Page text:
Very shortly, budget negotiators from the mayor’s office and the City Council will start discussions aimed at securing a final budget by some time in May. This spending plan will take effect on July 1 and will cover the year ending June 30, 2005.
Both sides have made preliminary proposals on senior issues that differ sharply. For his part, Mayor Michael Bloomberg would give a one-time $400 rebate to owners of residential properties to offset the extra real estate taxes they paid during the past fiscal year as a result of the 18.5 percent real estate tax increase.
This proposal is already being discussed in Albany where the legislature and Governor George Pataki would have to approve it before it goes through.
The mayor also has proposed in next year’s budget an $11 million reduction in senior services. It eliminates weekend meal service and some other services provided at senior centers.
Recently, Council Speaker Gifford Miller delivered his annual State of the City address which included his budget proposals. As the leader of the Council, the Speaker because he has the votes, can do nearly anything he wants to do in government, within reason.
This makes him the second most powerful man in the New York City government, after the mayor. He can sometimes defeat proposals made by the mayor because he has the votes to override bills, even though those bills carry the mayor’s signature.
This applies even to budgets. In the past, when Peter Vallone Sr. was Council Speaker, the council passed their own budget when they didn’t agree with the mayor’s plan. The Council budget was then in force for the whole year.
With that in mind, we’ll move on to what Miller’s budget proposals are as far as seniors are concerned.
In his own words, he stated:
"First, I am proposing the total and permanent elimination of the 18.5 percent property tax increase for the 140,000 senior homeowners living on a fixed income and their families."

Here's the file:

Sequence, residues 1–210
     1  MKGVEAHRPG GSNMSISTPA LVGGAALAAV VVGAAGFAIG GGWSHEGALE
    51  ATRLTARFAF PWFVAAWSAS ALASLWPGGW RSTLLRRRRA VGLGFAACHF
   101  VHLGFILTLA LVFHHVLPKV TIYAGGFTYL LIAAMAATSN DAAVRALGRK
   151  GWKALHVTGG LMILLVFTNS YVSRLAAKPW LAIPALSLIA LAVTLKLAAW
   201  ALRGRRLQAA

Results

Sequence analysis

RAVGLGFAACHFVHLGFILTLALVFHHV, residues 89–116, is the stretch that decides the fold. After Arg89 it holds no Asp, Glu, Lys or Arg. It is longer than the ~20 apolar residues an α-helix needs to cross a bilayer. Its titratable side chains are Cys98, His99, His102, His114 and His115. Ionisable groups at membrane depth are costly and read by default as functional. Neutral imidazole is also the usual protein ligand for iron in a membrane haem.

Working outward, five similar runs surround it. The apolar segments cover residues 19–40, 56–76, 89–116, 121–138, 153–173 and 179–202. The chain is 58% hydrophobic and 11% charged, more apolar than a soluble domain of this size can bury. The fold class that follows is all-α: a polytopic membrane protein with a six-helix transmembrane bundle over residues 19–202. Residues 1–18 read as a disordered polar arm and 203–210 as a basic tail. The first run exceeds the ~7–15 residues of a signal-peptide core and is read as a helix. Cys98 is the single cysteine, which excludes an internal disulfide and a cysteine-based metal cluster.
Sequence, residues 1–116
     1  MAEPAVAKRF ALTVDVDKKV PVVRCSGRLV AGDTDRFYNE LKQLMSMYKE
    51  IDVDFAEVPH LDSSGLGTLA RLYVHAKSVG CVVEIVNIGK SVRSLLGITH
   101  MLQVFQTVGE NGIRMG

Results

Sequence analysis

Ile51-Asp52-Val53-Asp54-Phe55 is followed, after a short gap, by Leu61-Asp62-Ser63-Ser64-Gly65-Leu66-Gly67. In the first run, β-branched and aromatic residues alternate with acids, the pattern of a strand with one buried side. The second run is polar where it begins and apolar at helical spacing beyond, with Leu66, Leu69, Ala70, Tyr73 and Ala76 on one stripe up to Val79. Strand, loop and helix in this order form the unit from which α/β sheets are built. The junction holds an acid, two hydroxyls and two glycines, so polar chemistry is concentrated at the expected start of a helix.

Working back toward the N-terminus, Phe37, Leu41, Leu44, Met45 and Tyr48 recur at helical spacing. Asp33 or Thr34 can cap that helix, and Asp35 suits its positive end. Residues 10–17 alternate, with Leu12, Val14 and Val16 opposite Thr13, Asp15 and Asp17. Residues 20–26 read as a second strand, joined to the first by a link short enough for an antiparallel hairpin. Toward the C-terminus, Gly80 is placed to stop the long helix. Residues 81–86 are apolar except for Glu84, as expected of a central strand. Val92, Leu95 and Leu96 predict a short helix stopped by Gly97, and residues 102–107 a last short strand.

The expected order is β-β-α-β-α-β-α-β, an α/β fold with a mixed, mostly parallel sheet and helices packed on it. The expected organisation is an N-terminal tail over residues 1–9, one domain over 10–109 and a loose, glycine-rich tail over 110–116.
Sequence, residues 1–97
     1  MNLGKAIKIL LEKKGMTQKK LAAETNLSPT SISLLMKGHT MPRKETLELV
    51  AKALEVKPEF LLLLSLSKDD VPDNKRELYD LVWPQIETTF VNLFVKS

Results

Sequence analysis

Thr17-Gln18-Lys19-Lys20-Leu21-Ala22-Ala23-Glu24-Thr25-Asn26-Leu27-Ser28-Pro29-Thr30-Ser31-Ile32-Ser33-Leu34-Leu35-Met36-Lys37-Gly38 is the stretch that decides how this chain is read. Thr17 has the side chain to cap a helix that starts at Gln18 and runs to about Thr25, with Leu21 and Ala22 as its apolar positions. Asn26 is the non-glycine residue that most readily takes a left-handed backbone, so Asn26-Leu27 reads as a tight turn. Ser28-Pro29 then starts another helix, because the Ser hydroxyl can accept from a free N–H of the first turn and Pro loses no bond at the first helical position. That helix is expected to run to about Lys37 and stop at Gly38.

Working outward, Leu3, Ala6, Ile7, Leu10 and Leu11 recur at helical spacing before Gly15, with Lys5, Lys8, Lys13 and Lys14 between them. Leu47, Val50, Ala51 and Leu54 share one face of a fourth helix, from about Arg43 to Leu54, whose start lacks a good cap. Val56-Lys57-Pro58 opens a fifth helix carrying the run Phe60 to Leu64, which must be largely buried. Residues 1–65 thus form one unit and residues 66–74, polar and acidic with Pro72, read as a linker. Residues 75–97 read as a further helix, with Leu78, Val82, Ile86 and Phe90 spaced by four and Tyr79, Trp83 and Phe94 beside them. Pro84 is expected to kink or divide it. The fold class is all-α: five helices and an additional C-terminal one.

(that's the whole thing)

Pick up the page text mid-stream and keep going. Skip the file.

Miller said this should be done because, "If you’re a senior living on a fixed income and your property taxes go up, there is nothing you can do. You are stuck with a choice between buying medicine and paying your tax bill. We will not allow this to happen. This proposal will end that terrible choice permanently. We will not abandon the people who built this city."
Another budget proposal by Miller would help seniors who pay rent for their apartments. It calls for a 2 percent property tax decrease for residential landlords and business owners.
"If you have a rent regulated apartment, you get lowered rent because the Rent Guidelines Board factors property tax rates into its annual adjustments," Miller said.
Some councilmembers feel there should also be some relief for co-op and condo owners, so any seniors in this situation would benefit as well.
Miller’s proposals, unlike the mayor’s $400 rebate, do not have to be approved in Albany.
Finally, Miller promised to keep $11 million for seniors, in the budget. The mayor wants to cut this amount.
The two proposals that would apply directly to New York City seniors in the budget proposals made by the mayor and Miller will require much negotiating, which still has to take place. Many other items also will go into the budget, so it’s not certain what the final proposals on senior issues will be.
Keep in mind that Miller wants to be the Democratic Party candidate to run against Bloomberg in next year’s election. He and the mayor will be doing all they can to appeal to different blocs of voters, including seniors. Each of them will very probably want to treat seniors well in the budget. It also helps if seniors make their voices heard to let candidates and possible future candidates know where they stand. Also, we’ll be reporting on budget developments as they occur, so read this column regularly to keep posted on the budget and other matters of importance to seniors.